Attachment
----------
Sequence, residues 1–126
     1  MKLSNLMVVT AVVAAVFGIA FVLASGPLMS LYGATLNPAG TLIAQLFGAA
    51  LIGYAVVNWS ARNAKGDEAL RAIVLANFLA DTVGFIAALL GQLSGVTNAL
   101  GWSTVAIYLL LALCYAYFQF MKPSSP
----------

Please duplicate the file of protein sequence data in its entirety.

Sequence, residues 1–126
     1  MKLSNLMVVT AVVAAVFGIA FVLASGPLMS LYGATLNPAG TLIAQLFGAA
    51  LIGYAVVNWS ARNAKGDEAL RAIVLANFLA DTVGFIAALL GQLSGVTNAL
   101  GWSTVAIYLL LALCYAYFQF MKPSSP